I *do* use a straightedge. Usually it's my speedsquare, but for knocking down large sheetgoods sometimes I use a long straightedge. The problem is that the blade wants to wander away from the line when I push the fence tight to the straightedge. Looks like I need a bigger hammer....
JP
Add pictures here
<% if( /^image/.test(type) ){ %>
<% } %>
<%-name%>
Add image file
Upload
The Jay Pique entity posted thusly:

Or a slicker solution...
1. 'Shim' the fence with a small bolt if you can figure out a way to do it without causing the both head to snag against a straightedge
2. Just yesterday, I gave a friend a straightedge with a 'base' that he was to cut with his saw in order to produce a straightedge that he can use to set right on the marks to get an accurate cut.
Later that afternoon, I saw an even better solution, in a book I got from the library. It's called "Shop-Built Jigs and Fixtures", by Woodsmith Magazine (Oxmoor House), ISBN 0-8487-2677-4.
The basic idea is a straightedge with a base that aligns with the saw blade, but the slick part is that the straightedge has a slot in it that mates with a 'sled' that holds your circular saw. One main advantage is that when you put the saw in the sled, it's held captive, so you don't have to worry about holding it against the straightedge, as it cannot wander left or right.
The advantage for you is that you can build it such that the saw can be positioned correctly and repeatably in the sled.
Larry
--
There are 10 kinds of people --
those who understand binary, and those who don't.
  Click to see the full signature.
Add pictures here
<% if( /^image/.test(type) ){ %>
<% } %>
<%-name%>
Add image file
Upload
It sounds to me that some people are taking "fence" to mean an edge guide and others to mean the the saw's base plate.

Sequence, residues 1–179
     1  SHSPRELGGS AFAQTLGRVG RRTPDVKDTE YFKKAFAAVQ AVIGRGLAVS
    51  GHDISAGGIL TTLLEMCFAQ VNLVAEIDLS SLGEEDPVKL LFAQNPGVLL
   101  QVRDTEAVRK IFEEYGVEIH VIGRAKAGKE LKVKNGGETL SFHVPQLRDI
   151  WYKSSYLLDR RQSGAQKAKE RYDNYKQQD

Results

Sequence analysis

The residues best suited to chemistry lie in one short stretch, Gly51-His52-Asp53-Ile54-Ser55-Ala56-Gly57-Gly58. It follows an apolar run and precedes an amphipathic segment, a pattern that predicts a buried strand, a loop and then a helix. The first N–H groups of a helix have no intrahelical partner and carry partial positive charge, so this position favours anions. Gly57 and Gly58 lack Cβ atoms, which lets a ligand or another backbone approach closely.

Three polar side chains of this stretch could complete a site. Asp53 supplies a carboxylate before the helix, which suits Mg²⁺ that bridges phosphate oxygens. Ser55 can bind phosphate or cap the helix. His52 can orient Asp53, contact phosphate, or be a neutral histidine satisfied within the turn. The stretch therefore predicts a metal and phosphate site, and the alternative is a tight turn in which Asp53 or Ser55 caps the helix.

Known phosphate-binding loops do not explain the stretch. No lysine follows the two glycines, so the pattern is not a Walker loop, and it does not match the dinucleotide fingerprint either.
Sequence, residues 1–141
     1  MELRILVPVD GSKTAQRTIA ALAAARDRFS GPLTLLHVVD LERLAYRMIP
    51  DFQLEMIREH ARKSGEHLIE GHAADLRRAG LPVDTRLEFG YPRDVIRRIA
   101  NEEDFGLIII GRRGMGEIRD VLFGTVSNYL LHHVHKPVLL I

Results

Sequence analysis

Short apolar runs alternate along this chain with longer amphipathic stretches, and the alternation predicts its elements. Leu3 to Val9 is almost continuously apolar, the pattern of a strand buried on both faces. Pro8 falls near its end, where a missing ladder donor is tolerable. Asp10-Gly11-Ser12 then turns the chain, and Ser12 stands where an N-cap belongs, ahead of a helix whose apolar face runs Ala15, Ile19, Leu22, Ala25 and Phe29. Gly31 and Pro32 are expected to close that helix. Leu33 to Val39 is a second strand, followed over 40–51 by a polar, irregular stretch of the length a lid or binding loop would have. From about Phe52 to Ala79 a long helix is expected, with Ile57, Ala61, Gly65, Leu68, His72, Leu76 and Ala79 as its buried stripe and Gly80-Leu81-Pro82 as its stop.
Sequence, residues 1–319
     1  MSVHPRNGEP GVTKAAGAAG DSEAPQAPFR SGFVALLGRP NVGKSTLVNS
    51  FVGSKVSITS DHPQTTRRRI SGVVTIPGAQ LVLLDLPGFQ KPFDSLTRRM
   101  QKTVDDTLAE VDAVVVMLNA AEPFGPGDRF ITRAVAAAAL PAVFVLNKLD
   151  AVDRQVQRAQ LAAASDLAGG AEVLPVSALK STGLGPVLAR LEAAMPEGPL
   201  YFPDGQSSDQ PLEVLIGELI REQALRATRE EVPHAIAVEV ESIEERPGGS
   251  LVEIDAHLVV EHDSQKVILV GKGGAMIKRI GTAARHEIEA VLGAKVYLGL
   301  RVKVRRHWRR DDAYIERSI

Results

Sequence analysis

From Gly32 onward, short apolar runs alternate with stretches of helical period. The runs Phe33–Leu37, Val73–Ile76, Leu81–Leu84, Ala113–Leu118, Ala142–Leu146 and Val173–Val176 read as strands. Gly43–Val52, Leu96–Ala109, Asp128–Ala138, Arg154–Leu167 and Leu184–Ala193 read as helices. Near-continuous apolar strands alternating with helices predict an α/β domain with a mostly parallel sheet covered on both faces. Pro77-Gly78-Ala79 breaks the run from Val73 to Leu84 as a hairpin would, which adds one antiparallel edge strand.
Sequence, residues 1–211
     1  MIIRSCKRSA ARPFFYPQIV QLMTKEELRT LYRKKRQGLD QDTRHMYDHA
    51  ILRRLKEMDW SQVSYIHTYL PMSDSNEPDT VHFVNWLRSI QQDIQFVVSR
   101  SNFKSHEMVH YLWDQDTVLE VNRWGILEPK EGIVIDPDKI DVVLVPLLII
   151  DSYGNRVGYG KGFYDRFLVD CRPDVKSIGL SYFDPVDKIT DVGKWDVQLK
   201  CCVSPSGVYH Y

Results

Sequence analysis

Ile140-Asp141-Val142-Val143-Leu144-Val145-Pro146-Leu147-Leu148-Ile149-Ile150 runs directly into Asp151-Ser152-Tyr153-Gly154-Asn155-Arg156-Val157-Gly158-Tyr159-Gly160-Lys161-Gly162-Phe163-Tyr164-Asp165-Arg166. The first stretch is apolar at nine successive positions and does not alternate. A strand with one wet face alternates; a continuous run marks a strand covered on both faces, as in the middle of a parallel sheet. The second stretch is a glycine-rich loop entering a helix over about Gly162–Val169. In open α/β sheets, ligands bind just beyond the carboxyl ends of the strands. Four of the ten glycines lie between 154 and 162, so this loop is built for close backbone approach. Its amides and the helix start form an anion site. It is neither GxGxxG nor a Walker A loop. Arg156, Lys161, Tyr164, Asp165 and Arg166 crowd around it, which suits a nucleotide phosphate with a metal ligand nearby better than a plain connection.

Are you asking about the adjustable guide that can be removed from the saw or about the base plate that is part of the saw?
I'm not into circle saws, but I have never seen one where the alignment of the edge of the base plate to the blade can be adjusted (other than bending something).
Add pictures here
<% if( /^image/.test(type) ){ %>
<% } %>
<%-name%>
Add image file
Upload
Jay Pique wrote:

Maybe I've misled some of you folks. What I mean is that the edge of the sole plate on which the saw slides across the wood is not parallel to the blade. I guess fence was the wrong word.
JP
Add pictures here
<% if( /^image/.test(type) ){ %>
<% } %>
<%-name%>
Add image file
Upload
i've been using circular saws for 35 years, never used a fence yet, toss it out. as for as fences go: skil is the worst, pc is ok, milwaukees work real well.

Add pictures here
<% if( /^image/.test(type) ){ %>
<% } %>
<%-name%>
Add image file
Upload
wrote:

How do you know which fences are good if you haven't used one in 35 years? <G>
Barry
Add pictures here
<% if( /^image/.test(type) ){ %>
<% } %>
<%-name%>
Add image file
Upload

Related Threads

HomeOwnersHub.com is a website for homeowners and building and maintenance pros. It is not affiliated with any of the manufacturers or service providers discussed here. All logos and trade names are the property of their respective owners.